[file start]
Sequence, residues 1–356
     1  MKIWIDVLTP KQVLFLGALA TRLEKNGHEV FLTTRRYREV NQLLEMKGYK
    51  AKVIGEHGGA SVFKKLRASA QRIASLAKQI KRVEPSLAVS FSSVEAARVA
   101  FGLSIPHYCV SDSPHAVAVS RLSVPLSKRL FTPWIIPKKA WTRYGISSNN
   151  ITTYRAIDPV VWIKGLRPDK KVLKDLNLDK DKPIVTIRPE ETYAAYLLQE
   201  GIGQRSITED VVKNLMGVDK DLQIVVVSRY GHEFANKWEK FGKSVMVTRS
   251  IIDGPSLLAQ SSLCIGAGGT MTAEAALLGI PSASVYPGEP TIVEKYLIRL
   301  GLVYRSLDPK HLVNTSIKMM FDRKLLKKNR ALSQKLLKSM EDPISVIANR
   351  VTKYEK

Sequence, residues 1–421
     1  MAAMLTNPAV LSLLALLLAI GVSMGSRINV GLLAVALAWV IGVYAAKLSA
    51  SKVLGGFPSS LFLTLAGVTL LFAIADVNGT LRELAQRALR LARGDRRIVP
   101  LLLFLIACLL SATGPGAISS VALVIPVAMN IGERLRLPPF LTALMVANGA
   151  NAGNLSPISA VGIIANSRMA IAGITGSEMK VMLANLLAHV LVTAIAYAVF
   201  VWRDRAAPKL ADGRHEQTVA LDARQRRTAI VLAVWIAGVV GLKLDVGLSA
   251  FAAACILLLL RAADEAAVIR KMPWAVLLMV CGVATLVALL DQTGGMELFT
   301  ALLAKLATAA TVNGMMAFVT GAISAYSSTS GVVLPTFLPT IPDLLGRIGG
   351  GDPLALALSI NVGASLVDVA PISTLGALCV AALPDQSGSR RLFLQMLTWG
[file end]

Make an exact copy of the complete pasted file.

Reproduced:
Sequence, residues 1–356
     1  MKIWIDVLTP KQVLFLGALA TRLEKNGHEV FLTTRRYREV NQLLEMKGYK
    51  AKVIGEHGGA SVFKKLRASA QRIASLAKQI KRVEPSLAVS FSSVEAARVA
   101  FGLSIPHYCV SDSPHAVAVS RLSVPLSKRL FTPWIIPKKA WTRYGISSNN
   151  ITTYRAIDPV VWIKGLRPDK KVLKDLNLDK DKPIVTIRPE ETYAAYLLQE
   201  GIGQRSITED VVKNLMGVDK DLQIVVVSRY GHEFANKWEK FGKSVMVTRS
   251  IIDGPSLLAQ SSLCIGAGGT MTAEAALLGI PSASVYPGEP TIVEKYLIRL
   301  GLVYRSLDPK HLVNTSIKMM FDRKLLKKNR ALSQKLLKSM EDPISVIANR
   351  VTKYEK

Sequence, residues 1–421
     1  MAAMLTNPAV LSLLALLLAI GVSMGSRINV GLLAVALAWV IGVYAAKLSA
    51  SKVLGGFPSS LFLTLAGVTL LFAIADVNGT LRELAQRALR LARGDRRIVP
   101  LLLFLIACLL SATGPGAISS VALVIPVAMN IGERLRLPPF LTALMVANGA
   151  NAGNLSPISA VGIIANSRMA IAGITGSEMK VMLANLLAHV LVTAIAYAVF
   201  VWRDRAAPKL ADGRHEQTVA LDARQRRTAI VLAVWIAGVV GLKLDVGLSA
   251  FAAACILLLL RAADEAAVIR KMPWAVLLMV CGVATLVALL DQTGGMELFT
   301  ALLAKLATAA TVNGMMAFVT GAISAYSSTS GVVLPTFLPT IPDLLGRIGG
   351  GDPLALALSI NVGASLVDVA PISTLGALCV AALPDQSGSR RLFLQMLTWG